One of the hallmarks of human pancreatic ductal adenocarcinoma (PDAC) is its pronounced type I collagen-rich fibrotic reaction. Although recent reports have shown that the fibrotic reaction can limit the efficacy of gemcitabine chemotherapy, the underlying mechanisms remain poorly understood. In this article, we show that the type I collagen allows PDAC cells to override checkpoint arrest induced by gemcitabine. Relative to cells grown on tissue culture plastic, PDAC cells grown in 3-dimensional collagen microenvironment have minimal Chk1 phosphorylation and continue to proliferate in the presence of gemcitabine. Collagen increases membrane type 1 matrix metalloproteinase (MT1-MMP)-dependent ERK1/2 phosphorylation to limit the effect of gemcitabine. Collagen also increases MT1-MMP-dependent high mobility group A2 (HMGA2) expression, a nonhistone DNA-binding nuclear protein involved in chromatin remodeling and gene transcription, to attenuate the effect of gemcitabine. Overexpression of MT1-MMP in the collagen microenvironment increases ERK1/2 phosphorylation and HMGA2 expression, and thereby further attenuates gemcitabine-induced checkpoint arrest. MT1-MMP also allows PDAC cells to continue to proliferate in the presence of gemcitabine in a xenograft mouse model. Clinically, human tumors with increased MT1-MMP show increased HMGA2 expression. Overall, our data show that collagen upregulation of MT1-MMP contributes to gemcitabine resistance in vitro and in a xenograft mouse model, and suggest that targeting MT1-MMP could be a novel approach to sensitize pancreatic tumors to gemcitabine.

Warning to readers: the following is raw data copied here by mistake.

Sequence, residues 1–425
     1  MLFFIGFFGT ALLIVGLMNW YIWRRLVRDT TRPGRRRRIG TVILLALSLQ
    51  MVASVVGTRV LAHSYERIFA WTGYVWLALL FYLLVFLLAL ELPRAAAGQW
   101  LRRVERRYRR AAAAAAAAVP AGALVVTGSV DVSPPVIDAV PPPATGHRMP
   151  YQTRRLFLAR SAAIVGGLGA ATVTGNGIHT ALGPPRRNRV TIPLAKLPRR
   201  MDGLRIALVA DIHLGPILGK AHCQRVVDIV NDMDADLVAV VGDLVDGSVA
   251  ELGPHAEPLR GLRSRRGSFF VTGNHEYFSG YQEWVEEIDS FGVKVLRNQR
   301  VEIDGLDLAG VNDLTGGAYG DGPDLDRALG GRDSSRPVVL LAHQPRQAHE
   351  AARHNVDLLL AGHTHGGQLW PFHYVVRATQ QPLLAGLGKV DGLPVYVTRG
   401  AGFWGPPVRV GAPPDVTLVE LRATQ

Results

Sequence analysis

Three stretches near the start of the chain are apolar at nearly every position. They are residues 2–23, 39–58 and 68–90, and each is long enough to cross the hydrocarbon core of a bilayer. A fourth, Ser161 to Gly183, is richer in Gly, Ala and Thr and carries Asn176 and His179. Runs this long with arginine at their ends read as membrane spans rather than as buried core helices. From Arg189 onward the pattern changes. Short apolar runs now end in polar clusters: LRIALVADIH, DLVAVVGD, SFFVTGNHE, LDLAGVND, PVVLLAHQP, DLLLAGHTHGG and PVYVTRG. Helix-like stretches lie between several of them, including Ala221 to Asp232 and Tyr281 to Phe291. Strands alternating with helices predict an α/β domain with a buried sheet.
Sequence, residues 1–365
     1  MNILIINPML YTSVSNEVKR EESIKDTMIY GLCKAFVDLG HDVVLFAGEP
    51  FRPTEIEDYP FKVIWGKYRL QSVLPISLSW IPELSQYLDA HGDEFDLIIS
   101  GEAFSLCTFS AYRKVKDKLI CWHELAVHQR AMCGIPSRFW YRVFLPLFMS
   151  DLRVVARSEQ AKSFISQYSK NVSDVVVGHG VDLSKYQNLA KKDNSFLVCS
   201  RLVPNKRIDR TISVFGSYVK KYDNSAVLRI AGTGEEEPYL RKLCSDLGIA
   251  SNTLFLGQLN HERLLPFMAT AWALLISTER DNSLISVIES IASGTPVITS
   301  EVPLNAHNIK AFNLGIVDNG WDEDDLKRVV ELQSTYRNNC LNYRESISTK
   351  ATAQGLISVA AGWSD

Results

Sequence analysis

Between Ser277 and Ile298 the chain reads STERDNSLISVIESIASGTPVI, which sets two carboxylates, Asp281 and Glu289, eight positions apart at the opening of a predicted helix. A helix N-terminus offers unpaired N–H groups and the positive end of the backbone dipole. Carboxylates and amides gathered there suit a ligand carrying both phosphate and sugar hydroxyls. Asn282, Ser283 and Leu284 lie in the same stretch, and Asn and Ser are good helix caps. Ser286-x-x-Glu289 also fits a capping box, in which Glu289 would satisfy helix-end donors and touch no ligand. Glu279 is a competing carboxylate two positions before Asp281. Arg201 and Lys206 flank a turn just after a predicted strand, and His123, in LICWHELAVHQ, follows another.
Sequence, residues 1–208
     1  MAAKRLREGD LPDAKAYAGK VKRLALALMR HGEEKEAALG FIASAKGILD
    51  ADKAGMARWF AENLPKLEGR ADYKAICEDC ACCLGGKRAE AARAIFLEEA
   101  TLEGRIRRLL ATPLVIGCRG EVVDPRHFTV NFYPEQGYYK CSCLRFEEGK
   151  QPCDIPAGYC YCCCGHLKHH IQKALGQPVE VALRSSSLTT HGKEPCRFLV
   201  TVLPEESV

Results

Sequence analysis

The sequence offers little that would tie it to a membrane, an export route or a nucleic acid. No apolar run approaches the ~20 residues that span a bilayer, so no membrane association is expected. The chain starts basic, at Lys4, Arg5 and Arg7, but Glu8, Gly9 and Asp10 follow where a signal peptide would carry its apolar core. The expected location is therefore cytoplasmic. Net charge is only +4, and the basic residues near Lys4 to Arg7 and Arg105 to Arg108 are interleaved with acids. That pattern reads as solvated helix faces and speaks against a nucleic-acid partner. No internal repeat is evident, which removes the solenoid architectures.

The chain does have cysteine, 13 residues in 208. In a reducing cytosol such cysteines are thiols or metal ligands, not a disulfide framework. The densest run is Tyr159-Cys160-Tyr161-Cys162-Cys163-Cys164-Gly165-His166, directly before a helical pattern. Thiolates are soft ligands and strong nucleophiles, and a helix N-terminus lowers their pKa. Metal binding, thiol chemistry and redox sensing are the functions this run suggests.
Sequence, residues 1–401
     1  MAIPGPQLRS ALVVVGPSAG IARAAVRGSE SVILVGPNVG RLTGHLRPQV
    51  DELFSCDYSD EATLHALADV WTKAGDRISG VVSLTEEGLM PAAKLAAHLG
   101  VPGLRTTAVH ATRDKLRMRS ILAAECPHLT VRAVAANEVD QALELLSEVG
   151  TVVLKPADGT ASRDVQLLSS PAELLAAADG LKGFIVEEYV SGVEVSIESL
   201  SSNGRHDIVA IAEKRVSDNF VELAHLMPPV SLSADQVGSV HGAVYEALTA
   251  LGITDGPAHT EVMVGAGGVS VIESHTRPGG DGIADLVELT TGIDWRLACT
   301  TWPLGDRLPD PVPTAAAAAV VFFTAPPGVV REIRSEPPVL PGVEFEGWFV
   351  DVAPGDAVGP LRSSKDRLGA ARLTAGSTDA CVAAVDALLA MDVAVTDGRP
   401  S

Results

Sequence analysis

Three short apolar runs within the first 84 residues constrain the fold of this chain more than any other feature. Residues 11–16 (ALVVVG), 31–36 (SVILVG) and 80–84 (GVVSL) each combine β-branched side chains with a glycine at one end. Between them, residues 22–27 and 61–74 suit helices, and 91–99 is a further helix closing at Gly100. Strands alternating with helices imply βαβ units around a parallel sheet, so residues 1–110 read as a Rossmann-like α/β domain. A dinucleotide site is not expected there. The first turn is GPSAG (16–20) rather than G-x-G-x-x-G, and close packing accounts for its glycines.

ASJC Scopus subject areas
- Cancer Research